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Reading The Bible The Way God Intended

It's true the Bible is a book. But it's actually a book of books. These books are a compilation of 66 different writings and everyone of them have a unique purpose. It has stories about the lives of good, but also many very flawed people, about journeys, battles, the lives of kings and prophets, Jesus and the early church. But you knew all of that. Here are a few things you may not have thought of.

1. The Bible's Primary Job Is Not to Give Us Talking Points.

All of us are tempted to approach the Bible to either learn some new ideas, or justify what we already believe. But the Bible exists to transform you and me! N.T. Wright put's it this way; "We read scripture in order to refresh our understanding of the story within which we are mere supporting actors. God is the central actor not us." Why is that important? Because as sinful humans we're all tempted to take the center stage and use the Bible to prove our point of view, or disprove the views of others.

Yes, of course the Bible also informs us of God's intentions for this world and specifically how we are to live out our days on earth. And when confronted with teachings that appear to us contrary to Scripture we have a moral obligation to speak up. But Jesus doesn't require us to persuade everyone to our point of view. In fact he told his disciples if they weren't received in a town and their message was rejected, that they should shake the dust off their sandels and move on. "Don't throw pearls before swine." We need to keep our personal focus on worshipping, loving and obeying God. Because the Bible is first and foremost a book about God, not us.

2. Consider the Genre

Genre matters. If you picked up a book about World War II you would expect the accounts to be factually true, not a book of poetry, or predictions about the future. Each book of the Bible is there for a unique purpose and it contains figures of speech, dialogue, poetry, etc.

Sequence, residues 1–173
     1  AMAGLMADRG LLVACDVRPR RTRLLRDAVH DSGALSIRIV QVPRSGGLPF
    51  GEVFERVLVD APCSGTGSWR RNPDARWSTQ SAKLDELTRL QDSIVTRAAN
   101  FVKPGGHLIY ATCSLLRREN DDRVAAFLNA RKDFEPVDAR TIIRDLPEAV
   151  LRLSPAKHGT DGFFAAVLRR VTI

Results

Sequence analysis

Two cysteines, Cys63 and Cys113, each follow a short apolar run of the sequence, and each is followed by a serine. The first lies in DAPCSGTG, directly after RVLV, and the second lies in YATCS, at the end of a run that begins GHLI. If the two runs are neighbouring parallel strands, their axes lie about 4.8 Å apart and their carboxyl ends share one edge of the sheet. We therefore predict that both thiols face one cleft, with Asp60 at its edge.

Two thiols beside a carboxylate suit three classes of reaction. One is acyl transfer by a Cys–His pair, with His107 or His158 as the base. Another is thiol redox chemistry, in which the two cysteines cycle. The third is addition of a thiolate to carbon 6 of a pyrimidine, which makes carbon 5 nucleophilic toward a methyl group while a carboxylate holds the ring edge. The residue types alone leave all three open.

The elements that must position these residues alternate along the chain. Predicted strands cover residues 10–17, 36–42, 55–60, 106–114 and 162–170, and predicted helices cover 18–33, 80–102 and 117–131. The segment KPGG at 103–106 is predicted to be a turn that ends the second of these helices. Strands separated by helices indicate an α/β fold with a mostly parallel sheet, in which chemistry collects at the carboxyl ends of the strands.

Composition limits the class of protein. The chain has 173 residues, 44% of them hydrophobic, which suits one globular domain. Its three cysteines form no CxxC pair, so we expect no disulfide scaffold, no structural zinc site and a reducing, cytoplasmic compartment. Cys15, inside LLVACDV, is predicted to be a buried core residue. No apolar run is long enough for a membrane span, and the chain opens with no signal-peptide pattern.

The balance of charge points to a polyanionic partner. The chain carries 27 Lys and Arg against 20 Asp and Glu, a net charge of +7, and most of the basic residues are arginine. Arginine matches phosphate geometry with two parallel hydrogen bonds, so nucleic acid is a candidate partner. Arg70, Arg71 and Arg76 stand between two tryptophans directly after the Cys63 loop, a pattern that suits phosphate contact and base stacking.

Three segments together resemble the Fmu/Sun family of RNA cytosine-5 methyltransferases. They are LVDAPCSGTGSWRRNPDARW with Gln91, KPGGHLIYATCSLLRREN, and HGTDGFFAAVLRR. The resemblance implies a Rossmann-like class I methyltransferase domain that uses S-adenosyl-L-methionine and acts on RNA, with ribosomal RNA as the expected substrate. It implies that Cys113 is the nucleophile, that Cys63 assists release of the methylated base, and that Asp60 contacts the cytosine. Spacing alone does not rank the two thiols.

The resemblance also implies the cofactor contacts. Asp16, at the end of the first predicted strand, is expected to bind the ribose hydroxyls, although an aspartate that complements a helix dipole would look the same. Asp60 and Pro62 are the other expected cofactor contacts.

A fellow elder once made this comment. "Clare I take every word of the Bible to be the literal truth." John, I commented, "I respect you a lot but I don't think you do. Do you mean in Psalms when it reads "God rides on the clouds," that if it's a cloudless day God is stuck?" "Of course not," he said. "That's a figure of speech." There you go. Nobody should take every sentence of the Bible literally.

Take Proverbs for instance, it says, "Train up a child is the way they should go and they will not depart from it". Proverbs 22:6. We all know all kinds of kids raised as Christians who walk away from faith, or do terribly sinful things. Proverbs are what theologians call wisdom literature. Proverbs are not promises but wise sayings that are generally true but not outright promises God makes. So we can't read them in the same way we read so many other promises God makes that we can take to the bank.

3. Consider the Context

Whenever you read a book, an article, or listening to a podcaster or radio program, context is everything! Here's an example of a common misunderstanding.

"If my people, who are called by my name, will humble themselves and pray and seek my face and turn from their wicked ways, then I will hear from heaven, and I will forgive their sin and will heal their land". -2 Chronicles 7:14.

I can't tell you how many times that a verse is quoted at Christian political rallies or church services as a promise God made to Christians about our nation. But read the whole chapter and you'll see God made that promise to the people of Israel, not to Christian Americans. Does God want all believers to humble themselves, pray and seek his face? Yes, of course. And if they do, will that make our nation better? Of course. But does that require God to make America a great nation? No. That promise was only made to Israel.

4. Ask These Questions As You Read

  • What does the passage teach me about God?

  • Is there something about God I've misunderstood?

  • Am I truly living out God's plan for his people, or am I just doing what I see other Christians doing?

  • What does this passage teach me about how I am to relate to others?

  • What keeps me from being obedient to what God is clearly telling me to do?

5. Reflect & Meditate

Don't let the words you just read fade in your memory. Think about them, pray about them, write a verse out, write down questions you have about what you learned. Remember the Bible is there to transform you, not just to read for information. I've often said, "I'm reasonably certain Jesus would prefer I'm half as knowledgeable, but twice as obedient."

"Let the Word of God dwell in you richly," Colossians 3:16.

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1 Comment

We seemed to be so good at taking the parts the Bible literally that work for our thoughts and ideas. But when it doesn’t go along with our thoughts and agenda then we say it’s a figure of speech.

Thank you again for sharing.

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